Pennsylvania judges skeptical of Cosby effort to reverse sex assault conviction
Cosby became the first celebrity to be convicted in the #MeToo era when a jury found him guilty in April 2018 of drugging and sexually assaulting Andrea Constand at his home in 2004.
HARRISBURG, Pennsylvania - A trio of Pennsylvania judges on Monday appeared deeply skeptical of Bill Cosby’s effort to have his sexual assault conviction overturned, as the comedian’s lawyers argued in court that the trial judge had deprived him of a fair trial.
The judicial panel in Superior Court in Harrisburg, the state capital, posed their toughest questions to Cosby’s lawyers during a hearing that lasted less than an hour while state prosecutors seemed to receive a much warmer reception.
Cosby, known for his role as the lovable father in the 1980s television series The Cosby Show, saw his family-friendly reputation shattered after dozens of women accused him of sexual assault over decades.
He became the first celebrity to be convicted in the #MeToo era when a jury found him guilty in April 2018 of drugging and sexually assaulting Andrea Constand at his home in 2004.
The 82-year-old, who is serving a prison sentence of three-to-10 years, did not attend Monday’s hearing.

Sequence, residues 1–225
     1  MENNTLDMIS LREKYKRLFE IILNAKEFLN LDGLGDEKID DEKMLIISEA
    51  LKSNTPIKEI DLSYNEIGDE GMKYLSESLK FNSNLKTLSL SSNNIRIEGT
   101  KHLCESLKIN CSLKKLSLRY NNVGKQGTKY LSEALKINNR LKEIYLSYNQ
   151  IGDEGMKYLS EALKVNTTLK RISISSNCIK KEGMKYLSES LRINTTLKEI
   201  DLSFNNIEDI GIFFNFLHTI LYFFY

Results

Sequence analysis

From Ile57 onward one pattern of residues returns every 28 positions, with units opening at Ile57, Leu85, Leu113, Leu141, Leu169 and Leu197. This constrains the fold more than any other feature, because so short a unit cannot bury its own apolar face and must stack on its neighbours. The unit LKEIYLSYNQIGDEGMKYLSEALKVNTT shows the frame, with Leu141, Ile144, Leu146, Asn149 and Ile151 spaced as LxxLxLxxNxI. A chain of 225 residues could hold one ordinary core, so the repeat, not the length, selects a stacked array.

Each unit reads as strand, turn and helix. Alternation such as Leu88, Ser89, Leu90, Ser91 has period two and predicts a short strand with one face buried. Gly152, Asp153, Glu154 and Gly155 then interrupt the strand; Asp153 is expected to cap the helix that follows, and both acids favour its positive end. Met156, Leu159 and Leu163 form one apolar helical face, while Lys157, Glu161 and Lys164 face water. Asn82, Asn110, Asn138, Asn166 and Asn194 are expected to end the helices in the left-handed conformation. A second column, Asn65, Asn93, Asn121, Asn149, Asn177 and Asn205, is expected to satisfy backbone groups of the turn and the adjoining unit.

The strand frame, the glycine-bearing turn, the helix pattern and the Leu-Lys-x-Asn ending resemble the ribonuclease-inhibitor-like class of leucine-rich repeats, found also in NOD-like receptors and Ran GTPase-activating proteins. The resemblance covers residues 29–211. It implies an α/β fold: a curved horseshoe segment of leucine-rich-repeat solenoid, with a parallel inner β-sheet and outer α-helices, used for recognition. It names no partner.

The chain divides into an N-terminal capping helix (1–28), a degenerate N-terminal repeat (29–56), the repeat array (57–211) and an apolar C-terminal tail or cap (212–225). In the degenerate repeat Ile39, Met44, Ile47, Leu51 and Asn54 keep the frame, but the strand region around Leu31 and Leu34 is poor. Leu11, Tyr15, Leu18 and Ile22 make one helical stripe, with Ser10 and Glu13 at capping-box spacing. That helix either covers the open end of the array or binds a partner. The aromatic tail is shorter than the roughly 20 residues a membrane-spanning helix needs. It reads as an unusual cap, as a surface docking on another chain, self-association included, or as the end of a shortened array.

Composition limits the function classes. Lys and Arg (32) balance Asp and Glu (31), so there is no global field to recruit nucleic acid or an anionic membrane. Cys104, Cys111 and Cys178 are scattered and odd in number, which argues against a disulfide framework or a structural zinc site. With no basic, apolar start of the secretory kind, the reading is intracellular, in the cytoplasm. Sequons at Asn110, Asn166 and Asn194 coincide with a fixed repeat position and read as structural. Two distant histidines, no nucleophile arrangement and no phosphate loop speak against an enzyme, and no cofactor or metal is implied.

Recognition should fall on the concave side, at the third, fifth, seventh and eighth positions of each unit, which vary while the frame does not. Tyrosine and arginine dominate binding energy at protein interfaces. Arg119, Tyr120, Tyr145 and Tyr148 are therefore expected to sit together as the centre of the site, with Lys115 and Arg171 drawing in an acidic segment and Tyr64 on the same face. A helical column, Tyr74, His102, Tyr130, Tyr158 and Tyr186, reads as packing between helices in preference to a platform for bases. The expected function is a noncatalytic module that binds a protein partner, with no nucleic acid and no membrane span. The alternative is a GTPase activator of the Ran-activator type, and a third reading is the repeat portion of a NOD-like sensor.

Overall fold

The appeal focused on the decision by Montgomery County Judge Steven O’Neill to allow five accusers to testify at trial that Cosby had drugged and sexually assaulted them years previously, just as Constand claimed he had done.
The trial concerned only Constand’s allegation; the other accusers’ claims were too old to lead to criminal charges.
Under Pennsylvania law, such “prior bad acts” witnesses are seen as potentially prejudicial and can be admitted only under rare exceptions, such as to prove a defendant engaged in a specific pattern of behaviour or could not have mistaken incapacitation for consent.
Cosby’s lawyers argued that the women’s stories were too dissimilar to be permitted as pattern evidence and essentially guaranteed the jury would view him as guilty.
But Judge John Bender, the presiding judge on the panel, expressed doubt about that assertion.
“He gives them drugs and then he has sex with them,” the judge said. “That’s the pattern, isn’t it?”
Cosby’s lawyers also said O’Neill wrongly dismissed testimony from a former Montgomery County district attorney, Bruce Castor, who said he had promised Cosby not to bring charges related to Constand if Cosby agreed to testify in a deposition as part of her civil lawsuit against him.
Cosby settled the civil case for millions of dollars. Nearly a decade later, the unsealing of his sworn deposition - in which he acknowledged giving young women sedatives in the 1970s to facilitate sex - prompted a new district attorney to reopen the case and eventually charge Cosby.
Judge Carolyn Nichols, a member of Monday’s panel, said that absent a written agreement or a court-approved deal granting Cosby immunity, Castor’s successors were within their rights to prosecute Cosby.
“How can an elected district attorney bind that office in perpetuity?” she asked.
Cosby’s first trial in June 2017 ended in a mistrial after the jury could not agree on a verdict. At that trial, O’Neill permitted only a single another accuser to testify.